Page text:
Eagle River kid’s NFL wish comes true
Fans inside Bank of America Stadium rose to their feet as Carolina Panthers quarterback Cam Newton prepared to take the snap. The 2015 NFL MVP shouted the cadence to his team, sending newly signed rookie Korben Senden in motion from his slot receiver position. As Senden neared, Newton took the snap, pivoted and handed the ball to the rookie. Senden did the rest, following his blockers around the end for a 5-yard Panthers touchdown.
The crowd went wild. Newton grabbed his new teammate and lifted Senden into the crowd, where the Panthers’ new offensive weapon handed the football to a young fan.
A month later, the 13-year-old Gruening Middle School eighth grader was still in awe of the experience.
“It was crazy, the whole thing,” he said recently during an interview at an Eagle River coffee shop. “It was like, unimaginable how you could do these things with these people.”
Senden’s big score was the culmination of a day he’d been dreaming about for more than a year — and a moment he’d used as motivation countless times as he slowly recovered from open heart surgery.
Senden suffers from Noonan Syndrome, a genetic condition that prevents normal growth and development in various parts of the body, according to the Mayo Clinic. The condition can cause heart problems, and in Korben it led to an obstruction that required open-heart surgery in June of 2017.
The diagnosis was terrifying for Senden and his parents, Kirby and Kristi.
“Our stomach was in knots,” said Kirby Senden, a teacher and coach at Eagle River High School.
About six weeks before the surgery, the family was contacted by the Alaska & Washington ch Make-a-Wish Foundation, which told them Korben had been selected to make a wish.
“Our initial reaction was like, ‘Aren’t Make-a-Wish kids terminal?” Kirby Senden said. “But that’s not the case.”
According to the foundation’s website, any child with a critical illness between the ages of 2.5 and 18 is eligible for a wish. When the Sendens found out Korben had been selected, Kirby — a longtime area hockey coach who played at UAA — said he immediately started thinking about what it would be like to meet NHL superstar Sidney Crosby.
But Korben had other ideas.
“He said, ‘It’s my wish, not your wish,’” Kirby recalled.
Korben’s been a Carolina Panthers fan for several years thanks to his admiration for players like Newton, Christian McCaffery and Greg Olsen.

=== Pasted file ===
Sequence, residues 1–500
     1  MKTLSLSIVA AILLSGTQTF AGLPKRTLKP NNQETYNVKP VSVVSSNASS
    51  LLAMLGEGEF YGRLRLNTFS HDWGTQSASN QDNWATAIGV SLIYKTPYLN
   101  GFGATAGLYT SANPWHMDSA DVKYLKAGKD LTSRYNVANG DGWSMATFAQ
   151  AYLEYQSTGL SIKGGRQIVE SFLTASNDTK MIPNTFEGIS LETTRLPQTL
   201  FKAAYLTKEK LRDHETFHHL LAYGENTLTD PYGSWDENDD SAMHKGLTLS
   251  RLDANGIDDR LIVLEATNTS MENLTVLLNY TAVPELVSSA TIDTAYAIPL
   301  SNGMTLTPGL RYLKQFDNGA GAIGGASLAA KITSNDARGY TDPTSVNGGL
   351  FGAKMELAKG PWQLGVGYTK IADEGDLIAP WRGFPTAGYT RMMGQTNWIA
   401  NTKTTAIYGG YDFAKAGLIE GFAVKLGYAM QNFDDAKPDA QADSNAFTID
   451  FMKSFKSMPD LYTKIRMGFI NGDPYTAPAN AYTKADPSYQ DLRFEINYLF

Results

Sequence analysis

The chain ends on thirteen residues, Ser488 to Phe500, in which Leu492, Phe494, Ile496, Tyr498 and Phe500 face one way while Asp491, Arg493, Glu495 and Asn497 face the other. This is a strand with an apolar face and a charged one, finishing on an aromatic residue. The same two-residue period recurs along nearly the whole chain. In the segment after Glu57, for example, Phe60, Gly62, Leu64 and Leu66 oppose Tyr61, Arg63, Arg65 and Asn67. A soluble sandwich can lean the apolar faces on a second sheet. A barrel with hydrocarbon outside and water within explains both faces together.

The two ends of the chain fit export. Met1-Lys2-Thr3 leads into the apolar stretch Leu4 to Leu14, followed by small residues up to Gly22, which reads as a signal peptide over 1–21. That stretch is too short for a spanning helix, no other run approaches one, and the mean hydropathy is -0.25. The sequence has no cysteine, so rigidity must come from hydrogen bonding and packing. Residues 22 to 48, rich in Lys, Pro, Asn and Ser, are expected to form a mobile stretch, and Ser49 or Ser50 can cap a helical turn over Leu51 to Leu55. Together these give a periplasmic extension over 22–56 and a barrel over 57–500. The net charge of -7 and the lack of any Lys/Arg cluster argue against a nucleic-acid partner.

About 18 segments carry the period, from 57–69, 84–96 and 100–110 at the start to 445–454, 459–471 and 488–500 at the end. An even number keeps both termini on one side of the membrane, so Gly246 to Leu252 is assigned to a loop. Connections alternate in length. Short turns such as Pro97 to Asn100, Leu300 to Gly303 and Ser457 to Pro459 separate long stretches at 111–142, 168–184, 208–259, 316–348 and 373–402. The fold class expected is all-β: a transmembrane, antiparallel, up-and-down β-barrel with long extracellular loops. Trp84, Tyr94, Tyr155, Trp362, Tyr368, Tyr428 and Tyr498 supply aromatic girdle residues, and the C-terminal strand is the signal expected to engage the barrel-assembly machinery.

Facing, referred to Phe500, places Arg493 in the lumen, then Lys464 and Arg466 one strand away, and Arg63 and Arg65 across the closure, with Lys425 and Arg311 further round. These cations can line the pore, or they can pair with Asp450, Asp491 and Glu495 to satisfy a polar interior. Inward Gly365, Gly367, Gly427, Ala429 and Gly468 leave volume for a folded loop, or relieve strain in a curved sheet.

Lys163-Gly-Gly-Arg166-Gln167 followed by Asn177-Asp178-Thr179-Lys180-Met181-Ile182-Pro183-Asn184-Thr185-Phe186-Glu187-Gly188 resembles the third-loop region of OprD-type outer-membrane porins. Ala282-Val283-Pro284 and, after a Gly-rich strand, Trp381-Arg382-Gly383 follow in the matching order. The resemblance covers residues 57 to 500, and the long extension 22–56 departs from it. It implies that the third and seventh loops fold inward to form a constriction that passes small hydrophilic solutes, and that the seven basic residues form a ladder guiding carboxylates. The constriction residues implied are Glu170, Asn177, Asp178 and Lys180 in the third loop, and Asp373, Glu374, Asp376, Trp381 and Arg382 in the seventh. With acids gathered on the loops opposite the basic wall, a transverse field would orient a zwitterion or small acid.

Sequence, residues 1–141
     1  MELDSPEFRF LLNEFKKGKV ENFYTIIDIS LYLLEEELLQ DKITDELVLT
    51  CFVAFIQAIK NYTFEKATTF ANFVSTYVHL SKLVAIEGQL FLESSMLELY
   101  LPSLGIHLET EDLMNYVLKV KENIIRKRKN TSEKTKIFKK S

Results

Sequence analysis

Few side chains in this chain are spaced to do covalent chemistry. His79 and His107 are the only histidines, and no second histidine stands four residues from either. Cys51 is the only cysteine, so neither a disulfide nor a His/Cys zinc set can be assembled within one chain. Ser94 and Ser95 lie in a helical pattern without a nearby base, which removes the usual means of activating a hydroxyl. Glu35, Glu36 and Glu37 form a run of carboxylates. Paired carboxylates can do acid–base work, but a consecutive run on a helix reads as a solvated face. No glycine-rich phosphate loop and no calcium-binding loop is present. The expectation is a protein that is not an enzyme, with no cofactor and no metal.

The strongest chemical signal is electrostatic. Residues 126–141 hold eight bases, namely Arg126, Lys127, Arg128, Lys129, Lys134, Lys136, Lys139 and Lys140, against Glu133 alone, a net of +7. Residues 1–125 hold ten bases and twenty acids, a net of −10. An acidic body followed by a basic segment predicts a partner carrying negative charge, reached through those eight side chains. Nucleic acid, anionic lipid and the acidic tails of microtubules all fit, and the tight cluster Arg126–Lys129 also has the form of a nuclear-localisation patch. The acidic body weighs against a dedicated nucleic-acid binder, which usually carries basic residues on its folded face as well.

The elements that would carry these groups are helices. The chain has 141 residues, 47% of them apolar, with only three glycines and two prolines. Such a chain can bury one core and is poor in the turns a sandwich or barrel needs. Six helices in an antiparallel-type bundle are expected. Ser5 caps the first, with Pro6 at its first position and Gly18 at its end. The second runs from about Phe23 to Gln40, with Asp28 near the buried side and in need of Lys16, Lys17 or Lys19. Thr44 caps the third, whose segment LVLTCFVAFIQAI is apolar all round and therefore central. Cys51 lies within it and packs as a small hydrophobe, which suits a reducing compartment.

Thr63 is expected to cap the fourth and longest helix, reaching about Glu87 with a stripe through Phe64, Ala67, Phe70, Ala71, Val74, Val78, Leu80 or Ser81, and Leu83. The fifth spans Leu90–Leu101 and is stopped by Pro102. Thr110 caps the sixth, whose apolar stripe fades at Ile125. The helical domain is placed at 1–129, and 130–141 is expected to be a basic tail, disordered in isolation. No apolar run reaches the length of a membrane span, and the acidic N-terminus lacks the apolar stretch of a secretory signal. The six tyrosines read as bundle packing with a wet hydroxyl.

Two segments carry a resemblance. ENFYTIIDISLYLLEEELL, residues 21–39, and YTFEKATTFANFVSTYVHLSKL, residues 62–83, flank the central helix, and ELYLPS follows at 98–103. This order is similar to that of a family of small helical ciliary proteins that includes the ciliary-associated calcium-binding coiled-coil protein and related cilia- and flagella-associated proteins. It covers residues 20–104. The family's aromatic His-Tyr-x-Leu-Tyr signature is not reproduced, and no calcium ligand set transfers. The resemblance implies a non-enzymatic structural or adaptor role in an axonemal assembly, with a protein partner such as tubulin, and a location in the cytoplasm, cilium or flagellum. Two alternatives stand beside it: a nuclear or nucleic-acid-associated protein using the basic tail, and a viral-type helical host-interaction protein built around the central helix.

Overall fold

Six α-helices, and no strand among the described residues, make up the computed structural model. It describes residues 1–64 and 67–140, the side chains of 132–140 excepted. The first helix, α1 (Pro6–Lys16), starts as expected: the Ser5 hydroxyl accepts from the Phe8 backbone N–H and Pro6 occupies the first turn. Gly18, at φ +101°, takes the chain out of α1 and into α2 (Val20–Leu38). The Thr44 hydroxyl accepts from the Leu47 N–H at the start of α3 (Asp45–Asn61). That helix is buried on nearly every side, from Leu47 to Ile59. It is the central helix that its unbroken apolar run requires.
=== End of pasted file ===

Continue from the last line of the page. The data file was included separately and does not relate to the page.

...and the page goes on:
“I just like the players on the team,” he explained.
So it was decided: The Sendens would visit the Panthers once Korben was feeling up to it.
But first, he’d have to have surgery at the Mayo Clinic in Rochester, Minnesota.
“When I figured out I was going to have heart surgery, I was really scared because I’d never known anyone who’d had anything like that before,” he said. “So I thought it was super scary like, ‘Oh my gosh, I might die.’”
“The biggest miracle”
In the weeks leading up to the surgery, the family used the Carolina trip as a distraction. Rather than focusing on the grim possibilities, Kirby Senden said they’d instead talk about what it would be like to run onto the field alongside Korben’s NFL idols.
The technique worked.
“The underlying effect is that the biggest miracle is you’re not focused on the surgery, you’re focused on the wish,” Kirby said.
Korben came through his surgery with flying colors, but he ordeal was far from over. The normally smiling, witty youngster found himself lying in bed unable to smile or even sneeze.
“Going to bed was even worse,” Korben recalled. “I couldn’t lie on my stomach and could never get comfortable. That was the worst part of the day for me.”
As the days went by, Kirby and Kristi did their best to buoy Korben’s spirits by watching re-runs of “Friends.” One of the ways they were able to keep him going was by talking about the wish.
“I said, ‘Well, do you want to run on that field?’” Kristi recalled in a YouTube video detailing Korben’s story. “If you want to run on the football field you better get up and start walking.”
The motivation worked.
“It got him going,” she said. “I think the wishes really helped.”